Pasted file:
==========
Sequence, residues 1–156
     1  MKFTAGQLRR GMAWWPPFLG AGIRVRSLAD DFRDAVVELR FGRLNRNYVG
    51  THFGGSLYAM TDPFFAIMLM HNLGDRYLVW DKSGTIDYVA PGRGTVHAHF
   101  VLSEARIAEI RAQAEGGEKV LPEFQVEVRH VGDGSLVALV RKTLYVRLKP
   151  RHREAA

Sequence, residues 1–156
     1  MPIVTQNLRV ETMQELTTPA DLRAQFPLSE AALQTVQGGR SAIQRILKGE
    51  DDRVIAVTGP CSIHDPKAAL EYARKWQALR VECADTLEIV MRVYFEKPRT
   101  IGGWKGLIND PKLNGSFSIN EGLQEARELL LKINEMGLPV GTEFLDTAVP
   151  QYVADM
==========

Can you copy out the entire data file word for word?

Sequence, residues 1–156
     1  MKFTAGQLRR GMAWWPPFLG AGIRVRSLAD DFRDAVVELR FGRLNRNYVG
    51  THFGGSLYAM TDPFFAIMLM HNLGDRYLVW DKSGTIDYVA PGRGTVHAHF
   101  VLSEARIAEI RAQAEGGEKV LPEFQVEVRH VGDGSLVALV RKTLYVRLKP
   151  RHREAA

Sequence, residues 1–156
     1  MPIVTQNLRV ETMQELTTPA DLRAQFPLSE AALQTVQGGR SAIQRILKGE
    51  DDRVIAVTGP CSIHDPKAAL EYARKWQALR VECADTLEIV MRVYFEKPRT
   101  IGGWKGLIND PKLNGSFSIN EGLQEARELL LKINEMGLPV GTEFLDTAVP
   151  QYVADM